13. 13.  Gestaltists proposed laws of organization that specify how people perceive form.  Figure and ground are basic organizational themes for perception.  Figure is perceived as distinct from the background.  Figure is closer to the viewer than the background.  Reversible Figures: Figure and ground can be switched
  14. 14.  Formation of a figure: There are some factors which would bring some order to perception 1. Nearness: Stimuli that are near to each other, tend to be grouped together 2. Similarity: Stimuli that are similar in size, shape, color, or form tend to be grouped together 3. Continuation or continuity: Perception tends towards simplicity and continuity 4. Closure: refers to the tendency to complete a figure, so, that it has a consistent overall form
  15. 15.  Three types of constancy are explained briefly here: 1. Size Constancy 2. Shape Constancy 3. Color Constancy
  16. 16. 1. Size Constancy:     Size constancy is the tendency to perceive objects in a consistent manner despite the changing sensations that are received by our senses. visual constancy plays an important role in helping us adapt to our environment successfully. Learning plays an important role in the development of constancy. Once we know that certain objects in our environment have certain characteristics ,we tend to perceive them in the same way, regardless of the conditions under which they are perceived. When we know that an object is of a certain size, we tend to perceive it as being that same size, regardless of how far it is from our eyes. In Size constancy ,the perceiver has the ability to judge true or measured size, regardless of the distance involved.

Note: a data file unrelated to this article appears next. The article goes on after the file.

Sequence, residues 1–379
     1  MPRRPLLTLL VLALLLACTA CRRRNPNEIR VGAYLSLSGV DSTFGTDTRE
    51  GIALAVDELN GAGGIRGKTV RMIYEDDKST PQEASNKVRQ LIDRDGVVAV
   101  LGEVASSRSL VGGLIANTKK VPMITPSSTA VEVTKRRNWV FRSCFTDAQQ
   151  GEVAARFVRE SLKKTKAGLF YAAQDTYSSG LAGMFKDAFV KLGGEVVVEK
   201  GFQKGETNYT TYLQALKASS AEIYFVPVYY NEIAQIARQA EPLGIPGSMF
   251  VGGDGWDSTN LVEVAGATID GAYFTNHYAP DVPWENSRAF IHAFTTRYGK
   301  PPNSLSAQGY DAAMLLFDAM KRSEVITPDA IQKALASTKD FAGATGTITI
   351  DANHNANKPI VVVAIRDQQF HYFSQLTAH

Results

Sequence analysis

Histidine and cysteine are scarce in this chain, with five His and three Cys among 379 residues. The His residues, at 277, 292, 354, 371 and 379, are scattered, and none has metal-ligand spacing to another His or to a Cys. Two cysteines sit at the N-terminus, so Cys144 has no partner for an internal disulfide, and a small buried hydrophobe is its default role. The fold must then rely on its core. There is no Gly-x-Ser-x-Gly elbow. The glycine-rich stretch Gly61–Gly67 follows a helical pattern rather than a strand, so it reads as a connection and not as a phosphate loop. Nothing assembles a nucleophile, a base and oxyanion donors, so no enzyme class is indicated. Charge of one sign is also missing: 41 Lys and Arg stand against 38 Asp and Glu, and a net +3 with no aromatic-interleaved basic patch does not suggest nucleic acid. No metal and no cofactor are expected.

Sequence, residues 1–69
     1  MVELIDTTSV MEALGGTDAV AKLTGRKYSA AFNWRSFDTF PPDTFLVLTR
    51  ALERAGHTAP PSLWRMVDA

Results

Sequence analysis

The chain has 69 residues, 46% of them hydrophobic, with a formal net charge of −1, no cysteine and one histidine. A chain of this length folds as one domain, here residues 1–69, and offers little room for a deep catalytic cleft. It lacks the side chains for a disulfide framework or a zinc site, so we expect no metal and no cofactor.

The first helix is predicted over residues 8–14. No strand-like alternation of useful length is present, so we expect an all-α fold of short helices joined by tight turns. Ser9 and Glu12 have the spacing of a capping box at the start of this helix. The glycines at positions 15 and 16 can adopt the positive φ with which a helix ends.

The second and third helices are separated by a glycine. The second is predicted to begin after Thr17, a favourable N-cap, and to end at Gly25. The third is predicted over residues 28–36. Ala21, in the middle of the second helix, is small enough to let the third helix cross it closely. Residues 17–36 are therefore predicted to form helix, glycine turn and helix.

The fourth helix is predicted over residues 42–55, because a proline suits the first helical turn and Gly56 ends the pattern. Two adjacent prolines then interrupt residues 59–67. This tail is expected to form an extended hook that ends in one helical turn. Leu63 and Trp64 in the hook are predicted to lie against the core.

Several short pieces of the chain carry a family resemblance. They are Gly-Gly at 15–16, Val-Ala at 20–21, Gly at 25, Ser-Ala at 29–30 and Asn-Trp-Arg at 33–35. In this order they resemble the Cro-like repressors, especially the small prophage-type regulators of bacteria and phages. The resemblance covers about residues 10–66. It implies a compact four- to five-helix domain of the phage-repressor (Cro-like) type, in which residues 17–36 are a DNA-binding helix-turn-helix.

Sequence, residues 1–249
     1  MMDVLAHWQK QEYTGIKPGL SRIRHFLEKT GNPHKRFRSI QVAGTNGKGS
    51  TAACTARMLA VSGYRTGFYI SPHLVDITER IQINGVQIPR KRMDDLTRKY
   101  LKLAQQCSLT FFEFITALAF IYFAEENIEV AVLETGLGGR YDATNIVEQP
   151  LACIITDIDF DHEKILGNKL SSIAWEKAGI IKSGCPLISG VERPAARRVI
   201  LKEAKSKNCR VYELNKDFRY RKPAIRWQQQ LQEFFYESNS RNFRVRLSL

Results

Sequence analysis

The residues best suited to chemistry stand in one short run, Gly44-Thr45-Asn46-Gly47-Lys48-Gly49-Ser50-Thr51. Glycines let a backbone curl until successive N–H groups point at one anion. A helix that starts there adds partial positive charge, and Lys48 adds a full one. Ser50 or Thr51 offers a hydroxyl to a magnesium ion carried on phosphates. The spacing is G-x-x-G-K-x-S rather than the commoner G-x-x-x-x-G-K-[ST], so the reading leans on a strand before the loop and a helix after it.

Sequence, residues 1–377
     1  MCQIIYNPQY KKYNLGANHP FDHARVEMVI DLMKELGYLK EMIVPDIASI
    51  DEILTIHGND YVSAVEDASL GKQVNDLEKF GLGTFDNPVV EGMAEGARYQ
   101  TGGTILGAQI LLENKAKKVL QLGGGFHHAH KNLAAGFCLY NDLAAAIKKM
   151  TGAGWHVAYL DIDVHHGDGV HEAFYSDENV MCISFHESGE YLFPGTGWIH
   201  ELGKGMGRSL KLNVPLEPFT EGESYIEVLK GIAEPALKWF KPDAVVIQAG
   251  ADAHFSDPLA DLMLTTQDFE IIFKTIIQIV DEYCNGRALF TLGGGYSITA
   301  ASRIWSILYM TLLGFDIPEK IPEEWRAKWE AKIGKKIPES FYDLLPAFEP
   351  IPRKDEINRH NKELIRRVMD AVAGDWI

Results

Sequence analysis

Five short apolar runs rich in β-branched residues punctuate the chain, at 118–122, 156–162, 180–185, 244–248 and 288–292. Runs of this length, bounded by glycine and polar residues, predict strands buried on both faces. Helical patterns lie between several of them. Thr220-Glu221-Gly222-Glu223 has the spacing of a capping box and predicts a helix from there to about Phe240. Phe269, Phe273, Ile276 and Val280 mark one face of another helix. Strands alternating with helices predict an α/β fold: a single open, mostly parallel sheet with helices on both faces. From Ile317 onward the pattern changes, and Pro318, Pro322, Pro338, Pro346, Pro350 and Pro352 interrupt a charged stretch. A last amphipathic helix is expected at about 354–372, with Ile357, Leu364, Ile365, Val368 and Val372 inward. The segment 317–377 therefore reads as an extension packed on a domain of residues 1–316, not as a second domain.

17. 17. 2.Shape Constancy; When we know that the object is a certain shape ,we tend to perceive it as the same shape, regardless of the viewing angle. We have learned to make corrections in our perception dependent on the angle from which we observe. 3.Color Constancy; Colors of objects tend to remain constant in perception when we know their true color. Visual objects also appear constant in their degree of whiteness, grayness and blackness.
  18. 18. The ability to view the world in three dimensions and to perceive distance is known as depth perception. “This ability helps to perceive three-dimensional space and to accurately judge distance”.
  19. 19. When you ride in a moving vehicle and look out the side window, the objects you see outside appear to be moving in the opposite direction Objects very far away, such as the moon and the sun, appear to move in the same direction as the viewer
  20. 20. Perception of Movement; Movement or Motion is perceived by following the progressive change of an object’s position in space with time. It has two types. 1. Real Movement; The perception of the actual movement of objects in the world is termed as “real motion/movement perception”. 2. Apparent Movement; It is movement perceived in the absence of physical movement of an image across the retina. This can be produced by a rapid succession of motionless stimuli that minimize the changes that occur in real movement. There are several types of apparent motion/movement: 
  21. 21.    1. 2. We perceive time in , seconds, minutes, and hours which pass into days weeks months and in years and even in centuries. Time is perceived in terms of Past, Present, and Future Perception of time is less in children than elders Several factors influence time perception: Subjective( age, activity, motivation, intelligence ) Objective: